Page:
7. They have applied to the Arc-PA to run their entire PA program to the DMSc level, in 36 months.
  8. Residency. There are one or two primary care residencies around (VA and another one in Virginia, I believe). I don’t think you would be happy in an Emergency Medicine residency nor does it sound like you have the personality for it, but you might try something in an Internal Medicine primary care or IM subspecialty where you can narrow down your field a bit and have longer appointments. College or University health is another possibility. It just sounds like you need more training at a slower pace then you have received previously.
  9. Some one said bat shit crazy and I agree.
  10. For example, Henry Ford Health System posted 10 new PA jobs in the last five days.
  11. where in michigan? You might be doing something very wrong because there are plenty of jobs downstate. All of the major hospitals and systems are hiring. In the rural areas it is spottier. You can usually pick two out of three.......location, specialty, or salary, but usually not three out of three straight out. Don’t be afraid to take a lesser salary to get started after this length of time because the longer you wait, the longer you will be in competition with newer grads. Be sure to get your license, DEA, certification, and ACLS etc done prior. Have an experienced PA review your application materials. Hard to be more specific without knowing more info.
  12. PA Faculty at UC Davis taught and precepted medical students and residents for years. It was originally a grant funded position through Song-Brown. I got the first position in 1980. Later FNP and PA faculty formally taught the MS1 H and P course. Just for laughs, but my first salary out of school for that job was around $21,000.
  13. OK last post on this. Health Professions Incentive pay for non physician health professionals is $15K a year and pay for certification is $6K, my informants tell me and they are usually reliable. So that is 21K above the usual pay rates in special pay. Even minimal housing pay in low cost areas for a single person is about $12K a year so you are talking about 33K a year over the tables for rank and time in service, some of it non taxable. There is loan repayment available as well for certain posts.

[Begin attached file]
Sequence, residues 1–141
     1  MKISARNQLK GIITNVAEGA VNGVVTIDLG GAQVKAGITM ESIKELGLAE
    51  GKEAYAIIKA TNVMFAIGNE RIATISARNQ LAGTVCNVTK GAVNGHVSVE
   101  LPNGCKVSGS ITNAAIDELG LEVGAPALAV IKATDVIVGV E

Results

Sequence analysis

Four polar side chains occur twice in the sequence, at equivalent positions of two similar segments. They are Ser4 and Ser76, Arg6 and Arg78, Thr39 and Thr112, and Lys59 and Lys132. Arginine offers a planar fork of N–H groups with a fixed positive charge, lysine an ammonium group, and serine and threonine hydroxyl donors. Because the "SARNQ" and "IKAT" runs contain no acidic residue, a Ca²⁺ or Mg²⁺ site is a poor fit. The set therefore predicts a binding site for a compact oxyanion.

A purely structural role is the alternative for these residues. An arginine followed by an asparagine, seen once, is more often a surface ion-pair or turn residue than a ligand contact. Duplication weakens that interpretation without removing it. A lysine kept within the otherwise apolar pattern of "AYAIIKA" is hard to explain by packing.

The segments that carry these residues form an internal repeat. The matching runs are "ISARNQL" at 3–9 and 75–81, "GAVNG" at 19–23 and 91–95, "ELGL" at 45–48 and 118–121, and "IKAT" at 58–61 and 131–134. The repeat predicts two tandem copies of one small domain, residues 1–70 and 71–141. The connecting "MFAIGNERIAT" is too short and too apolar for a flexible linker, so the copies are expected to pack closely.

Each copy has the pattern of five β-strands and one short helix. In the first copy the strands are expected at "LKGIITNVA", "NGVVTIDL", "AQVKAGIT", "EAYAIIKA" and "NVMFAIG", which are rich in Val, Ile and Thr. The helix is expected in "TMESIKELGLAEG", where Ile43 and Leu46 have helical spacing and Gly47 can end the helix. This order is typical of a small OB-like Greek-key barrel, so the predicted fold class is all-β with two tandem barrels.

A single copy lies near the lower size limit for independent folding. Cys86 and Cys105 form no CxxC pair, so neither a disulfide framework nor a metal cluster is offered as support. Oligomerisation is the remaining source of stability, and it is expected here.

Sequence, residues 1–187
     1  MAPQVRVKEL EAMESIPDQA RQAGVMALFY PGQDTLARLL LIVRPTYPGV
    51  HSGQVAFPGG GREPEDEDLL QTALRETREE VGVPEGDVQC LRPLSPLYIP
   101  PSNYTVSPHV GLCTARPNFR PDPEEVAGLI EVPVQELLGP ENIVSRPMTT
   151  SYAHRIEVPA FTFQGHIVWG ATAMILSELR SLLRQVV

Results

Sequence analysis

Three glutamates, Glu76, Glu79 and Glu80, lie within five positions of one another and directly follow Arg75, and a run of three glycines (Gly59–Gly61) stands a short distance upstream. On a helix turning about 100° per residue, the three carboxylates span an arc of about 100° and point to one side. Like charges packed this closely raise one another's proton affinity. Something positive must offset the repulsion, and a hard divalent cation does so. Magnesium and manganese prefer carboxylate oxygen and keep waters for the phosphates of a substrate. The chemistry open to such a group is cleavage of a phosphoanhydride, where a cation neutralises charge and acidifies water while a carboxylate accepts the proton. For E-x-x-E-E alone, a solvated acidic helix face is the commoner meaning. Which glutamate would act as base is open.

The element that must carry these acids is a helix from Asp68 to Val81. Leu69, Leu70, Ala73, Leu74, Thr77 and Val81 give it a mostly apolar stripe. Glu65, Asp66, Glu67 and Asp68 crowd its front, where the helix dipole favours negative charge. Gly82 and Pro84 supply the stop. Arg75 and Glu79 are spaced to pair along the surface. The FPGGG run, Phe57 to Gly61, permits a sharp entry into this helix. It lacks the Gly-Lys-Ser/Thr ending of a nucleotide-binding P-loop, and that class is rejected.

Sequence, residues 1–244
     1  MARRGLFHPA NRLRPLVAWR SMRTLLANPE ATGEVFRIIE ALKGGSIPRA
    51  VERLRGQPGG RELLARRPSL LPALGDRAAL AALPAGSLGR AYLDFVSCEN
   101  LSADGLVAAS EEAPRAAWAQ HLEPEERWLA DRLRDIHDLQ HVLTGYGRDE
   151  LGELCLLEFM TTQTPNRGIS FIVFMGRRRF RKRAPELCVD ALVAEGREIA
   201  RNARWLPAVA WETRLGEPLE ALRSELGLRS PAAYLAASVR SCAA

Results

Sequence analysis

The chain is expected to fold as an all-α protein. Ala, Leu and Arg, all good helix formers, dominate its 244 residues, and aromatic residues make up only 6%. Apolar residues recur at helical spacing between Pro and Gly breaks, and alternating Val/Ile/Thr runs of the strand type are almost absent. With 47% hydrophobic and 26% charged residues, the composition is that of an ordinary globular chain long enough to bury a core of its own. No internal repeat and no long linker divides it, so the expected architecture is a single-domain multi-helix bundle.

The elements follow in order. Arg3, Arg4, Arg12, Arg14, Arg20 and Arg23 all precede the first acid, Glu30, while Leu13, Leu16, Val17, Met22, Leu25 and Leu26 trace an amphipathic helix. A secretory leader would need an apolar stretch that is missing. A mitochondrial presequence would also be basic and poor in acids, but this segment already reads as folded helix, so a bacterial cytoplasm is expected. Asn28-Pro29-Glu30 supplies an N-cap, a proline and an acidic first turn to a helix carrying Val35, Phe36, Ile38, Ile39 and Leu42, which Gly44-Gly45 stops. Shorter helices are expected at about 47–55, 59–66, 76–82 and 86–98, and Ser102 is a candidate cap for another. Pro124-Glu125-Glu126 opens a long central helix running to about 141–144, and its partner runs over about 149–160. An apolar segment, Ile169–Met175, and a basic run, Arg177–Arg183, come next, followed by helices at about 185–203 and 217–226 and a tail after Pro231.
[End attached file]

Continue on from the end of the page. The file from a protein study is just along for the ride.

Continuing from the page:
14. The bonus for being a PA is called a health professions special pay and is granted to NCCPA certified PAs.
  15. You get a bonus for being a PA plus a housing allowance that is tax free in addition to your salary. Actually the compensation is relatively equivalent if you come in as O-3 (usual with a masters and one year of experience) and can be substantially better if you are living in a high cost area ($1500 a month). So that’s 18K a year for a single person, say in the Boston area; tax free, and more if you have dependents. So you end up getting about $36 K a year above the salary structure that is listed per rank and years of service. Don’t forget that they pay you more if you have a family and cover all of everyone’s medical and dental expense. You get paid more with each promotion and each year of service. All of the services pay medical personnel bonuses in addition to rank pay, otherwise they would have no doctors, nurses, dentists, etc. You can use the GI bill to get your doctoral degree and then be promoted further. I am not a recruiter but I have worked with literally over 100 PHS PAs during my time at NSU. They factor in retirement after 20 years at half salary, the chance to have matching funds put into a 401K type plan as well, and the ability to transfer to a comparable civilian job within or outside of government after retirement. If they stay in government, say the VA, they earn two pensions and get creditable years of service for salaries. Generally no one quits over salary in the PHS, they quit because they don’t like that the role can have collateral duties other than clinical, and that deployments may be mandatory and unforgiving of family circumstance.